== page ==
Are remote workers burned out? Check their emoji use, researchers say
Ann Arbor, MI — Employers with remote workforces can look at workers’ use of positive or negative emoji – those small images or icons featured in text communications and email – to help gauge if employees are experiencing stress or burnout, researchers at the University of Michigan say.
Inspired by a report chronicling burnout among software developers at the onset of the pandemic, the researchers analyzed millions of pre-pandemic communications among developers who worked remotely. The data helped the researchers create a model to predict potential work dropout based on an employee’s emoji use, which included assigning to emoji a sentiment score based on the dimensions of positive emotion, negative emotion, anger, anxiety and sadness.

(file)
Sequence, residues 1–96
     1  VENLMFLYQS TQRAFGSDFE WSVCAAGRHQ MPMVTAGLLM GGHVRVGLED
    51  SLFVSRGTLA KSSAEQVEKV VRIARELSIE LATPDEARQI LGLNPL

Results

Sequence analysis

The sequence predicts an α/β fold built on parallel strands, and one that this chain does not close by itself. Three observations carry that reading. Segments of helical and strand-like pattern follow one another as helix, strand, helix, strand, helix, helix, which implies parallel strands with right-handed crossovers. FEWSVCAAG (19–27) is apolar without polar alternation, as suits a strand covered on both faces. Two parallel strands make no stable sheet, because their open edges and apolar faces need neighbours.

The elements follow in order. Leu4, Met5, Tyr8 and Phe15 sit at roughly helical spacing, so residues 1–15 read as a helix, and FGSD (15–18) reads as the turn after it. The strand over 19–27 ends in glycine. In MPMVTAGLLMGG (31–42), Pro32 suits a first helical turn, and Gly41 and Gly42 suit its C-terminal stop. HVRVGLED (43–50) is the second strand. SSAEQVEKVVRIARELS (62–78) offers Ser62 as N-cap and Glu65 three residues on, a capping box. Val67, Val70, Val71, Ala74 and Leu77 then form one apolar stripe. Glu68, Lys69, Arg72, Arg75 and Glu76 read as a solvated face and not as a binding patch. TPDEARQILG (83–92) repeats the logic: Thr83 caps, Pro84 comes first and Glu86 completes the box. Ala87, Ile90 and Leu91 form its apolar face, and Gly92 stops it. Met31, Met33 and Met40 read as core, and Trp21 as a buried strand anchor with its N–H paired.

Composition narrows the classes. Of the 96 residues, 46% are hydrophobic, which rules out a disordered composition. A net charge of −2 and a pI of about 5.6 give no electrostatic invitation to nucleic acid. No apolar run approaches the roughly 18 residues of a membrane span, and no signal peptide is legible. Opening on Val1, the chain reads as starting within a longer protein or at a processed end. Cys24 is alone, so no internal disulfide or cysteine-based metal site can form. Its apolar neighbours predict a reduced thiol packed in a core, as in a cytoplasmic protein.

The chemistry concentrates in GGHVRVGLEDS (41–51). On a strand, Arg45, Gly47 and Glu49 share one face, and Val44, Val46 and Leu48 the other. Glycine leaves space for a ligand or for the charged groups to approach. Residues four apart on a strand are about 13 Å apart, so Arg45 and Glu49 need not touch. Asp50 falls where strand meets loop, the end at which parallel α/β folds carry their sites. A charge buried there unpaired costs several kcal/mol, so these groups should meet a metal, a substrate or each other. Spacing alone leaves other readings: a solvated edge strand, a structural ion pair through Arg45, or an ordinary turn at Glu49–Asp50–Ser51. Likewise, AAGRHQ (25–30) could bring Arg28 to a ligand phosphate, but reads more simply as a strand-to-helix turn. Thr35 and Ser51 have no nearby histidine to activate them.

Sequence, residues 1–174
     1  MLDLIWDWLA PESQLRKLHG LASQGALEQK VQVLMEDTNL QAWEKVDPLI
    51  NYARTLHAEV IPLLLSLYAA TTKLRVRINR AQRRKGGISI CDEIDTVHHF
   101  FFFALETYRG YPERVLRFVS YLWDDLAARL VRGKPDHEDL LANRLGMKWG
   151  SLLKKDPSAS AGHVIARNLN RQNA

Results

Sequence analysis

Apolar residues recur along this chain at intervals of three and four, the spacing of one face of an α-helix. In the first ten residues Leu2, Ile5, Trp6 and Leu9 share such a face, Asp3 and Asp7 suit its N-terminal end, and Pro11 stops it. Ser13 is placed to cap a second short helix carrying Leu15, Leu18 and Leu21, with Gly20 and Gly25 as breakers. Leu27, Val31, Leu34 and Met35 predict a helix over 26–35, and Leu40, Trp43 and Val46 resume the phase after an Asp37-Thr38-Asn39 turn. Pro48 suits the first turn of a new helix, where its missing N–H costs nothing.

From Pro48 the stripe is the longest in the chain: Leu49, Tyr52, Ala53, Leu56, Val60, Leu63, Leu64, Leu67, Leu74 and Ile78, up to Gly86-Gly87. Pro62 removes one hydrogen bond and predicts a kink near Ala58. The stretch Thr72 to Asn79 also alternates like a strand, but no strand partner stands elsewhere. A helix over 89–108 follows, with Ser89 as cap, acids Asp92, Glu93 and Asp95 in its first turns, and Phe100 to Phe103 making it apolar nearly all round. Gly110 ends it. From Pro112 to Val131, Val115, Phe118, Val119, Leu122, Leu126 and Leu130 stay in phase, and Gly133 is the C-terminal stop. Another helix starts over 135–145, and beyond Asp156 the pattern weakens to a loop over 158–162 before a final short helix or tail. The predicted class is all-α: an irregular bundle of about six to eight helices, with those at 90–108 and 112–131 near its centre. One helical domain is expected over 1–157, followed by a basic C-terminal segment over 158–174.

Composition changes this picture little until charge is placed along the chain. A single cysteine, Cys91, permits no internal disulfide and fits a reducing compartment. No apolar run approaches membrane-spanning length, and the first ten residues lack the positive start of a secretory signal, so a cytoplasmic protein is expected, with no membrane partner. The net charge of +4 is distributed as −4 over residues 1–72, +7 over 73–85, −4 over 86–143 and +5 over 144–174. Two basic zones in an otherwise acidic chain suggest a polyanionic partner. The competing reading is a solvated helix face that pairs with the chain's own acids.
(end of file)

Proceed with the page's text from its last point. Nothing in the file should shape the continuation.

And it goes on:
The researchers learned that about 5% of the communications featured emoji, and the types used depended on whether they discussed work matters.
Findings show that the developers who didn’t regularly embed emoji – positive or negative – in their communications were three times more likely to leave a remote-work position within one year. Additionally, the model predicted work dropouts with 75% accuracy.
“If you can track the emotions of your employees or your co-workers by how they use emoji, then you can identify early signals that they may be experiencing mental problems like burnout,” Qiaozhu Mei, researcher and professor of information and electrical engineering and computer science at UM, said in a press release.
“You don’t even need to look at their work productivity or the actual words they say – just look at how they use emoji.”
The study was published online Jan. 26 in the journal PLOS One.